Cover Image: Paige Not Found

Paige Not Found

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Member Reviews

This middle-grade novel focuses on Paige, a girl with autism, her neurotypical best friend Mara, and the people they meet as they try to do battle with an Elon Musk-type baddie who thinks neurodivergent people need to be fixed.

Along the way, they make friends with other children with autism: Kelsey, who hates that her influencer mom posts Kelsey’s meltdowns for her followers to see. Marcus, who is nonverbal, and his protective big sister Gabby.

Paige feels like her parents just want her to be “normal”, and when she finds out they had an experimental device implanted in her brain (they told her she was getting her tonsils out), she is angry that they can’t accept her for how she is. Even worse, the company that created the implant is about to enter an agreement with a Facebook-like entity, which means all the information about what goes on in the brains of Paige and other test subjects is about to go public.

Rather than accept that fate, the kids fight back. And here’s the good thing: the way they do it is actually pretty realistic.

Of course, there are problems along the way. There is the usual middle school trope of having a best friend become friends with someone else. Here it is further complicated by Paige’s realization that she is nonbinary and is attracted to Mara.

Things are wrapped up with a pretty satisfying conclusion.
Overall, I found the narrative easy to follow. Paige’s conflicts were realistic, even though the underlying premise was maybe a bit out there. Descriptions of Paige’s personal challenges with autism, emotions, stimming, and anxiety were realistic, but, from the acknowledgements, I gather that the author, to, has autism.

I loved this representation of the idea that those who are neurodivergent do not need to be “fixed” and that their voices matter in how they treated.

Possible Objectionable Material:
Anxiety meltdowns, hiding things from parents, lots of videogaming, sneaking around. Paige, while a “girl”, feels nonbinary and is attracted to another girl.

Who Might Like This Book:
Those who like coming of age, neurodivergent characters, beating big corporations.

Thank you to the publisher and NetGalley for providing and ARC for my honest review.

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Thanks to Netgalley for the ARC
Paige not found is the perfect title for this book. Paige really does not know where she fits and her journey through the book is heartbreaking and heartwarming. At first the narrative perspective felt odd to me, but as I continued reading I found that it truly suited the story.

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Thank you to the publisher and NetGalley for the e-ARC of this book.

This book is well done, and an interesting commentary on how we treat neurodivergent people, but also how we treat children's privacy rights. Publishing information about and pictures of them, at some point, they have the ability to want to control of what information is available about them, and what do we do when we've given away too much?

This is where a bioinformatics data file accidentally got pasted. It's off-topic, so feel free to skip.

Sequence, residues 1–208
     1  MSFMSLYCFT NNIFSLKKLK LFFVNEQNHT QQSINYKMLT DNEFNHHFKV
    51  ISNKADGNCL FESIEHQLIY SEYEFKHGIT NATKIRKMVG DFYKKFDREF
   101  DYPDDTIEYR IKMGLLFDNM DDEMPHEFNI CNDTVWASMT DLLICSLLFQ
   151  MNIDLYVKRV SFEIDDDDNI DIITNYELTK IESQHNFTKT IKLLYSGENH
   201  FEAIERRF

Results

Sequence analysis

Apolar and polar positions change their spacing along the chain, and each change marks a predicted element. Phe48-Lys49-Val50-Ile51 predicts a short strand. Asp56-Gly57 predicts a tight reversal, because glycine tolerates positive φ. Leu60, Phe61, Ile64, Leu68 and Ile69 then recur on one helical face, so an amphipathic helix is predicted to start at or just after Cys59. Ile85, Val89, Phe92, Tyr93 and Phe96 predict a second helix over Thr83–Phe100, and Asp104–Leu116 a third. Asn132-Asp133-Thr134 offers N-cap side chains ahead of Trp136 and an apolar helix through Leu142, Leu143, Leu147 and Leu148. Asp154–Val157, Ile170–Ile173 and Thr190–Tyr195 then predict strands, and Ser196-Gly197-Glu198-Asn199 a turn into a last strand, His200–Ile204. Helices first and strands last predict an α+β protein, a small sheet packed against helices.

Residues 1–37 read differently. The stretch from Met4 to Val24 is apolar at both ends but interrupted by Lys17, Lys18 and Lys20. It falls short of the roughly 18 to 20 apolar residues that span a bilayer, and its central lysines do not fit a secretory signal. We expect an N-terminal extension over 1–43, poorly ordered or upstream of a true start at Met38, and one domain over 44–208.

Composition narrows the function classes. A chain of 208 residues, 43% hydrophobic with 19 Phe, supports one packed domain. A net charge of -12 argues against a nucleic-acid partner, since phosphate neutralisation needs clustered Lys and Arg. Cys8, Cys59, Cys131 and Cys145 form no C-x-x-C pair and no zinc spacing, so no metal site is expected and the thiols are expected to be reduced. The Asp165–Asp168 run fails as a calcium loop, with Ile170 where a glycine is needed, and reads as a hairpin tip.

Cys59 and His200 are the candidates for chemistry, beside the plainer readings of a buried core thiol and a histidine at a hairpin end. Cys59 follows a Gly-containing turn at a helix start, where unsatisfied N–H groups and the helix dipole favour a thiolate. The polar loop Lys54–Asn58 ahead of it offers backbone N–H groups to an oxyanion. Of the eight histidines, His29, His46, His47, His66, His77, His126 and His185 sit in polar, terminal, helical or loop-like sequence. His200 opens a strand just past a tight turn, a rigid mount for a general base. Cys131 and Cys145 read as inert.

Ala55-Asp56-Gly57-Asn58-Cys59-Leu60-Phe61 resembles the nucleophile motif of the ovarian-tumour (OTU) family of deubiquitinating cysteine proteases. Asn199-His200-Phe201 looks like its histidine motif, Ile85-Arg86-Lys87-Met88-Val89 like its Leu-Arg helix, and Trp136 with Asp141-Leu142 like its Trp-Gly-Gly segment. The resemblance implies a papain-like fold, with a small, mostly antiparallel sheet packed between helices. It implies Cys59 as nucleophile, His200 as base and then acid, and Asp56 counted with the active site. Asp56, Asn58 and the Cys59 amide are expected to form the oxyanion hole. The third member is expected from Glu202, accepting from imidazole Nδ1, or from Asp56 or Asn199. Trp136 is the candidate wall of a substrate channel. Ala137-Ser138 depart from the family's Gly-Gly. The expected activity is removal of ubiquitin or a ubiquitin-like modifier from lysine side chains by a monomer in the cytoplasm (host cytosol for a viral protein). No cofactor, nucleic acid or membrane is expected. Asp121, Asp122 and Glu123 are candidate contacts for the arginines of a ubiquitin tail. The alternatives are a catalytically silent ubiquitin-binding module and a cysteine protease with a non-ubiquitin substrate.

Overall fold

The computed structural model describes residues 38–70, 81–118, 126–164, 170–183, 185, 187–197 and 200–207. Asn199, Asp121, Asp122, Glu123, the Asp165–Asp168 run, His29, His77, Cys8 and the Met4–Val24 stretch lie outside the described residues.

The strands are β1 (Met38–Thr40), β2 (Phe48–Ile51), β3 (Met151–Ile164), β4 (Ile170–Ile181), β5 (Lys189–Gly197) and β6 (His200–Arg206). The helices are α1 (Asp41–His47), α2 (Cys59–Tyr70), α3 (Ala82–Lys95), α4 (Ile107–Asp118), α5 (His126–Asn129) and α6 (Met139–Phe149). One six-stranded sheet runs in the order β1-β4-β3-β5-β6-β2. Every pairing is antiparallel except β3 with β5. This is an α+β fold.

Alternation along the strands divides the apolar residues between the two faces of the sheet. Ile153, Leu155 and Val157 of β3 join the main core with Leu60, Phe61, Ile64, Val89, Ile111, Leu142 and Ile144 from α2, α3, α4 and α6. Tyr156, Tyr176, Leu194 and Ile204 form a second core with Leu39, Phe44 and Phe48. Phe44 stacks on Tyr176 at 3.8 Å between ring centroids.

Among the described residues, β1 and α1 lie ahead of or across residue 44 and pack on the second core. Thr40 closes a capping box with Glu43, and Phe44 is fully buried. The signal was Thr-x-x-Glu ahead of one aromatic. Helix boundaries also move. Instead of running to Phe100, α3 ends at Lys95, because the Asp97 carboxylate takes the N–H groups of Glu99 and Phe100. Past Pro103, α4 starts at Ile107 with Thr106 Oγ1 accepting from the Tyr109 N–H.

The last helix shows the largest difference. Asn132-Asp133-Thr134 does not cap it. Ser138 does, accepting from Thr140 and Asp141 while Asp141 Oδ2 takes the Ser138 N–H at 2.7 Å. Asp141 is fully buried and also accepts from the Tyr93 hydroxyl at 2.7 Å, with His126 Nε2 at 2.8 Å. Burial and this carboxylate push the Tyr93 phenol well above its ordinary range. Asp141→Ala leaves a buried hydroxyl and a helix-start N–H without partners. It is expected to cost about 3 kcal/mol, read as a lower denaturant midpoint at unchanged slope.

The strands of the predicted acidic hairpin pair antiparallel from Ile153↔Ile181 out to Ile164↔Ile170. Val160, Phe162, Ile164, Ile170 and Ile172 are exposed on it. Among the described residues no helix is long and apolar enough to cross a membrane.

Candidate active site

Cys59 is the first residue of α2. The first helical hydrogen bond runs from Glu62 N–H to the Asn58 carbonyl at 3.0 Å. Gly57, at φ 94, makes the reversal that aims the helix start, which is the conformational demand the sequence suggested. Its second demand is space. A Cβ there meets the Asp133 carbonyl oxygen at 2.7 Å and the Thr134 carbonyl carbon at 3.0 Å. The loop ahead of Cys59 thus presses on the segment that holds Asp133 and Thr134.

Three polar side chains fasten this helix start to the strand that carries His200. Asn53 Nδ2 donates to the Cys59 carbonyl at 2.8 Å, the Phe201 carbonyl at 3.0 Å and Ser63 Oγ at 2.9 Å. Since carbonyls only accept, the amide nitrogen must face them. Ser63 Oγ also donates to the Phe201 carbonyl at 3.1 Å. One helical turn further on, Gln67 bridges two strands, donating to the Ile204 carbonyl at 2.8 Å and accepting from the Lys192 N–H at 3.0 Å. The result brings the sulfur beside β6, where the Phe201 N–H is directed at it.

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I really enjoyed reading this book, it had everything that I was looking for from a thriller adventure elements and thought it worked well in the children’s fiction novel. Jen Wilde has a great writing style and the characters worked well with the universe. It uses that online elements perfectly and I enjoyed how strong the story was with that concept.

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If this book was YA, it would have easily been five stars. But it's not, it's middle grade, and herein lies the problem.

The premise of this book is fantastic. Autistic children learning that they unwillingly had chips implanted in their brains, and the data being sold to an evil corporation? An impressive montage of assembling a ragtag group of disabled kids? Accurate depictions of both autistic meltdowns AND autistic joy, with threads of queer representation interspersed? Sounds AMAZING. And much of the plot worked well, particularly the scenes of Paige and Mara finding Kelsey and Marcus.

My main issue was the fact that this was middle grade, but the dialogue and narration did not sound like it was written for or about children. Phrases such as "toxic billionaire" and "without my informed consent" are not ones an eleven year old would use. Nor would they be that salient in listing their identities. I've been fortunate to interact with a wide variety of children, both neurodivergent and neurotypical, through my various jobs. Of course, every child is unique, particularly those who are neurodivergent, but there are certain elements of communication that ring true for almost every verbalizing eleven year old.

I think that Paige could have easily been seventeen years old, and the story would have been a lot stronger. I know Jen Wilde cut their teeth in YA, so that's what they know best, but middle grade is a whole different beast. The dialogue would have made a whole lot more sense coming from a teenager, and I would have focused my review on the inventive plot. Alas, the book is middle grade, so I am reviewing and rating it as middle grade.

Thank you to NetGalley for an e-ARC in exchange for my honest review!

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What worked: